Friday, July 16, 1999

Navy: Carrier
can’t be based
in Hawaii

Inadequate training facilities
and air stations are
reasons cited

By Gregg K. Kakesako


An aircraft carrier based at Pearl Harbor would have to spend 72 extra days at sea to get to training ranges in Southern California because Hawaii does not have adequate training facilities.

The Navy said it doesn't want to establish an air wing needed by a carrier in Hawaii for economic and operational reasons because it would have to:

Bullet Find an air station from which to operate.

Bullet Send the air wing to the mainland to train.

The Navy, in rejecting the possibility of berthing an aircraft carrier at Pearl Harbor, said there are "no airfields capable of permanently basing" 75 aircraft and 2,039 personnel belonging to a Navy air wing in Hawaii.

"Basing a carrier air wing in Hawaii is neither cost-effective nor operationally efficient," the Navy reported in its 10-volume environmental impact study, which outlined the options of home-porting three nuclear-powered aircraft carriers.

Under the Navy's preferred option, two Nimitz-class carriers would join the USS John Stennis at San Diego. That would likely be the USS Nimitz -- now undergoing remodernization at Newport News, Va. -- and the USS Ronald Reagan, which will be launched in either 2003 or 2004.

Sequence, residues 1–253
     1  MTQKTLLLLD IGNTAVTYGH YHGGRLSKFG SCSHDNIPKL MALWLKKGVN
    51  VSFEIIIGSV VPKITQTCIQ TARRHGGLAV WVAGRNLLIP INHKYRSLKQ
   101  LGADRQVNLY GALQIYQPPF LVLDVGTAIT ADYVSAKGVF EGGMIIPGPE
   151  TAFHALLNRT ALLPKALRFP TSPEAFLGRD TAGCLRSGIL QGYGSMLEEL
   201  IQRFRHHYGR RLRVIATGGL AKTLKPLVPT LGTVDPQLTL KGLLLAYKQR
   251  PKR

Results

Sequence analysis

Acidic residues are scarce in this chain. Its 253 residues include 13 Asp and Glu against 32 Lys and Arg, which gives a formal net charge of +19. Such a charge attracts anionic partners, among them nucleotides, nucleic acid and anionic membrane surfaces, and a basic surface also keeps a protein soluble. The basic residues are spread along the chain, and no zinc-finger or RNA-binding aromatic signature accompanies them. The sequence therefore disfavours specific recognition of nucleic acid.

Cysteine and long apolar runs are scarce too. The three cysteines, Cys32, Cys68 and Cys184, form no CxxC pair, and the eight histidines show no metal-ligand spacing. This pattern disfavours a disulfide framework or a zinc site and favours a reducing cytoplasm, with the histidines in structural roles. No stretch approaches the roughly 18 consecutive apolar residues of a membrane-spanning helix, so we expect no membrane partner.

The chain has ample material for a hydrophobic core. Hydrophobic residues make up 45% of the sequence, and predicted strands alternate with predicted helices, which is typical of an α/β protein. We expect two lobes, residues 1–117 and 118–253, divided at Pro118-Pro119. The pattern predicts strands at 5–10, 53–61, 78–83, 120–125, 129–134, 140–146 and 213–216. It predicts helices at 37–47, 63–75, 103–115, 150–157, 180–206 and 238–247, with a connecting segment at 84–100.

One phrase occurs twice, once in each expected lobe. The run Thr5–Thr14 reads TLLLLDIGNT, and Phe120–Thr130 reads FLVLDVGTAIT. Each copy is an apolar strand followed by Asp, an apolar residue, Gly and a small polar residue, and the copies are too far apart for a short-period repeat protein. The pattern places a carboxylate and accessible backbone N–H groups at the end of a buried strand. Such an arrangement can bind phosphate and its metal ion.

Carriers USS Abraham Lincoln and USS Carl Vinson would be retained in Washington state.

In arguing for the placement of a carrier in Hawaii, Stanley Hong, Chamber of Commerce of Hawaii president, noted that Gov. Ben Cayetano and the state Legislature were willing to return Barbers Point Naval Air Station's airfield to the Navy for carrier air wing use.

Hong also suggested use of Hickam Air Force Base or Marine Corps Hawaii's field at Kaneohe Bay for the air wing.

But the Navy rejected the proposal, noting that Barbers Point, which was closed as a military base on July 1, is now designated only for civilian use and that Kaneohe has been realigned to accommodate P-3 Orion sub hunter squadrons.

Hickam, the Navy added, can accommodate a portion of the air wing only on a temporary basis as its aircraft transients to or from an aircraft carrier at sea.

Also rejected as a permanent home for the air wing was Kauai's Pacific Missile Range at Barking Sands because "it is too small, with insufficient space for expansion."

As for tactical air training ranges, the Navy said that limited opportunities are available at Barking Sands and at the Pohakuloa Training Area on the Big Island.

But the air-to-surface and air-to-air training areas here are too limited or insufficient to meet the needs of a carrier battle group, the Navy said.

Pearl Harbor hasn't home-ported an aircraft carrier since World War II, and substantial dredging would be needed as well as utility upgrading and modifications.

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